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My father’s farewell tour

By Edmund Lis
My father and I had a special bond that was different than what he had with my siblings or with other people. I know now that we were more alike than I ever wanted to admit while he was alive.
As adults, those similarities brought us closer together, but as an adolescent I strictly adhered to the natural law that “Like Repels Like.” When I was a teenager, I can truly say that I hated my
father and he really didn’t like me much. Now I know that it was because we were both stubborn, headstrong and always thought we were in the right.
I was 21 and he was 49 when I first realized my father was mortal. When the phone rang I was expecting it to be my father but instead it was his wife and the first thing she said was “your father had a heart attack.” In that instant, I thought he was dead. She then told me he was in the hospital and I just started to shake and cry. I don’t ever remember having felt that kind of fear and anguish.
That day was the first time in many years that I remembered that I loved him. That was also the day that in my father’s eyes, he stopped living and started dying; I guess he also realized that he was mortal.
From then on, Nitro was in his pocket and death seemed just around the corner. For the next 24 years, he and I spent way too much time worrying about his mortality even as our lives went on. I got married, he got divorced. He moved to Paris, I eventually moved to California. He had a couple more heart attacks and bypass surgery, I just got older but not much wiser.
As time went by and his health continued to deteriorate, he often talked about suicide, but the reality was that he loved life — he just hated getting old, and as I get older, I can
totally relate.
Over those years, we learned to trust each other more, communicate openly and honestly, and we were able to talk about almost anything. And talk we did — every couple of Sundays he called all his children and even though to most of my siblings it was kind of a joke and pain in the butt, I really looked forward to his calls.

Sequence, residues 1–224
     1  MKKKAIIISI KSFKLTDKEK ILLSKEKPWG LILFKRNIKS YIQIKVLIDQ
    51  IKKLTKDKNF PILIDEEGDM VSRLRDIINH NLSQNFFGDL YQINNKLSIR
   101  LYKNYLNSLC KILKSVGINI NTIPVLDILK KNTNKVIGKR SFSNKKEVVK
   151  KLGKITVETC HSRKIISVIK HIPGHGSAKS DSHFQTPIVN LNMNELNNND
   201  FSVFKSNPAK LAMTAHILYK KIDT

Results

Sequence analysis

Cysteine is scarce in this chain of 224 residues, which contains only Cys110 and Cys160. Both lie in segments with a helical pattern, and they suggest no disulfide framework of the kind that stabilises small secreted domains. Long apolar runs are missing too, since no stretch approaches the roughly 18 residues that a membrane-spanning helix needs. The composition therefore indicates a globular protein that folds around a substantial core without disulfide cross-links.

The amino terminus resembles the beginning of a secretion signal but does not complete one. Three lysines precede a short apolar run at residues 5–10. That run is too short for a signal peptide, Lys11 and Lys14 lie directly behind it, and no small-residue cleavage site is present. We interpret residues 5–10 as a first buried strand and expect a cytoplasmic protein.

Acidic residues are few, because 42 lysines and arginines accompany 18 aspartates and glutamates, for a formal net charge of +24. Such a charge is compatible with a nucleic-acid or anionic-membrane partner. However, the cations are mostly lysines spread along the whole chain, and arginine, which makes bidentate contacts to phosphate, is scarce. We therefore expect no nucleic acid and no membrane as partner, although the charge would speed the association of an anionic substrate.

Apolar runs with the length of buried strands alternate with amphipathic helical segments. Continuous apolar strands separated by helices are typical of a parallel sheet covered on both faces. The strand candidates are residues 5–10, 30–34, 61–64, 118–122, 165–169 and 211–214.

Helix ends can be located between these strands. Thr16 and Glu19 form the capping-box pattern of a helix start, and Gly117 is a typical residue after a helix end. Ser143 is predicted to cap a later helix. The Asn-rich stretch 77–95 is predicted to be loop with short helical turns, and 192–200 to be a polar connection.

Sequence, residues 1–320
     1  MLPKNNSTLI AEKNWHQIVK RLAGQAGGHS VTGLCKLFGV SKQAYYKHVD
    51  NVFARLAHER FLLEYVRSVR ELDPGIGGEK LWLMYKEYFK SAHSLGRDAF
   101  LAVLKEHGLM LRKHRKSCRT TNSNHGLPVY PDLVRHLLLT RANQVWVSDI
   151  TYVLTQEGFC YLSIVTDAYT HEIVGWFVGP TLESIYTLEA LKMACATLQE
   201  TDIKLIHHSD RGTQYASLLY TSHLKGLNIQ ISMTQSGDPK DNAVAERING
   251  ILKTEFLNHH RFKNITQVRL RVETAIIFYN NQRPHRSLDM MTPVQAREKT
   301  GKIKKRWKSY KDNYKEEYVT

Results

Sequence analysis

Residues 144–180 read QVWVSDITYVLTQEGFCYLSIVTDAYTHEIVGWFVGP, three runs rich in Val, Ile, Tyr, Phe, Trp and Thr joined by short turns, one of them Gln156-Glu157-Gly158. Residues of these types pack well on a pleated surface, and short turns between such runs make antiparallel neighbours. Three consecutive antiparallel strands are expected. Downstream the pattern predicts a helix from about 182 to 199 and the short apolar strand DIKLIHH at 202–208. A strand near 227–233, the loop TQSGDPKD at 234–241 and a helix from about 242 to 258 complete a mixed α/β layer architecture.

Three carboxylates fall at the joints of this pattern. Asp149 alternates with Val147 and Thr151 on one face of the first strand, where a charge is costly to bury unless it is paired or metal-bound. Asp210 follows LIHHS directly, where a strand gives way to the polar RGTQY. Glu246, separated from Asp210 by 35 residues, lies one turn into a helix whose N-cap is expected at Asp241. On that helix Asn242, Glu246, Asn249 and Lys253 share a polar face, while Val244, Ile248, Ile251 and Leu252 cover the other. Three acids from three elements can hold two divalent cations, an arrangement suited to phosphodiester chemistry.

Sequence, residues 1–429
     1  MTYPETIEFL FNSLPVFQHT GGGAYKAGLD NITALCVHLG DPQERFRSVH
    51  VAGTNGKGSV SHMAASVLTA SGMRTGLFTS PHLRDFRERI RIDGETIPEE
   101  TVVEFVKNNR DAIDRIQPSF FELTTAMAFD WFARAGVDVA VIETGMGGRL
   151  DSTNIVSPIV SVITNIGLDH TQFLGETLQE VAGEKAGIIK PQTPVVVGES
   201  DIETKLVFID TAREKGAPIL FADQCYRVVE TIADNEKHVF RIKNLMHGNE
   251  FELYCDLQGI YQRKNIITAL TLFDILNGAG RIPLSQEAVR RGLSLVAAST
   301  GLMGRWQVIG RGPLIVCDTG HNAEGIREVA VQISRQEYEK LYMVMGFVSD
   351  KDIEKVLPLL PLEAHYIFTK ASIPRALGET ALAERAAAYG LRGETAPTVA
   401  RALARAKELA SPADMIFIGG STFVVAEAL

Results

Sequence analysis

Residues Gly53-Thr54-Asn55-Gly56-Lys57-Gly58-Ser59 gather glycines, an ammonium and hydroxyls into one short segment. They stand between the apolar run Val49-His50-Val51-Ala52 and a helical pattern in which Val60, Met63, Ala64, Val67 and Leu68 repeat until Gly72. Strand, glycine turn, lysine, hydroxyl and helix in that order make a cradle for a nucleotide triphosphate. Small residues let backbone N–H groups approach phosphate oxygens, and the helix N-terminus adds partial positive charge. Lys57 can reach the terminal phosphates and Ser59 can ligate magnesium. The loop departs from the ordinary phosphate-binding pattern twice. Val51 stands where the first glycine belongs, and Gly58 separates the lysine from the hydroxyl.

We would talk about what was going on in our lives, about his health, world politics, about the state of society, and about how messed up the world was. In the last year of his life (post 9/11), he became very pessimistic about how the powers that be were ruining the world; he worried about his children, his friends and family in Argentina, and especially about how his grandsons were going to survive.
In the fall of 2002 when he was 73 years old, my father did
what I now call “The Farewell Tour.” Even though we didn’t know it at the time, I truly
believe that he did know the end was near.
He came for a week’s visit and got to see most of his kids and grandkids, my mother (first ex-wife), and one of his best friends from Michigan who was
visiting the Bay Area. He and I then went to L.A. for the day, where another of his very good friends was visiting his children there.
During this whole time, my father was not doing all that well. His doctors had been trying to get him to put in a pacemaker, but
he steadfastly refused. He was also joking (so we thought) with all his friends that this might be the last time they saw each other as they were all getting old.
Anyway, this visit ended like normal, with him heading back to Paris. A month later, my father went to a bioenergetics conference in upstate New York, there he got to see a bunch of his
old friends and colleagues. That evening, he called his younger brother in Argentina just to check in, and
after breakfast on the second day, he took his newspaper, sat down under a tree and died.
It’s been nine years since he died and every Sunday morning I still wish the phone would ring. When some geopolitical event happens, I want to know what he would have thought. When I see or read some reference to France or Argentina, I think of him. There are so many unexpected things that remind me of him and I know he will always be in my heart. Even though I didn’t always appreciate him, I know he loved me and was a bigger part of my life than I ever realized. I will miss him for the rest of my life.